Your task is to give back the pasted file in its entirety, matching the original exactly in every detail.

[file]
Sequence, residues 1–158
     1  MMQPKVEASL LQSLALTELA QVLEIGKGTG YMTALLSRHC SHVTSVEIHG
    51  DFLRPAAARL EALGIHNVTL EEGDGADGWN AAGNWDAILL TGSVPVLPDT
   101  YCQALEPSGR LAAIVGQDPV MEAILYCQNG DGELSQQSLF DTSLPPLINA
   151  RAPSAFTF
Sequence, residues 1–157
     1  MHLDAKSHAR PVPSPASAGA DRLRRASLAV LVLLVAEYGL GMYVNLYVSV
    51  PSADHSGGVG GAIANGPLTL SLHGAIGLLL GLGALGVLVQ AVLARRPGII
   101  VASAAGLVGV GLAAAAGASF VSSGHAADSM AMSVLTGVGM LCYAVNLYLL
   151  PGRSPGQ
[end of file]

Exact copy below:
Sequence, residues 1–158
     1  MMQPKVEASL LQSLALTELA QVLEIGKGTG YMTALLSRHC SHVTSVEIHG
    51  DFLRPAAARL EALGIHNVTL EEGDGADGWN AAGNWDAILL TGSVPVLPDT
   101  YCQALEPSGR LAAIVGQDPV MEAILYCQNG DGELSQQSLF DTSLPPLINA
   151  RAPSAFTF
Sequence, residues 1–157
     1  MHLDAKSHAR PVPSPASAGA DRLRRASLAV LVLLVAEYGL GMYVNLYVSV
    51  PSADHSGGVG GAIANGPLTL SLHGAIGLLL GLGALGVLVQ AVLARRPGII
   101  VASAAGLVGV GLAAAAGASF VSSGHAADSM AMSVLTGVGM LCYAVNLYLL
   151  PGRSPGQ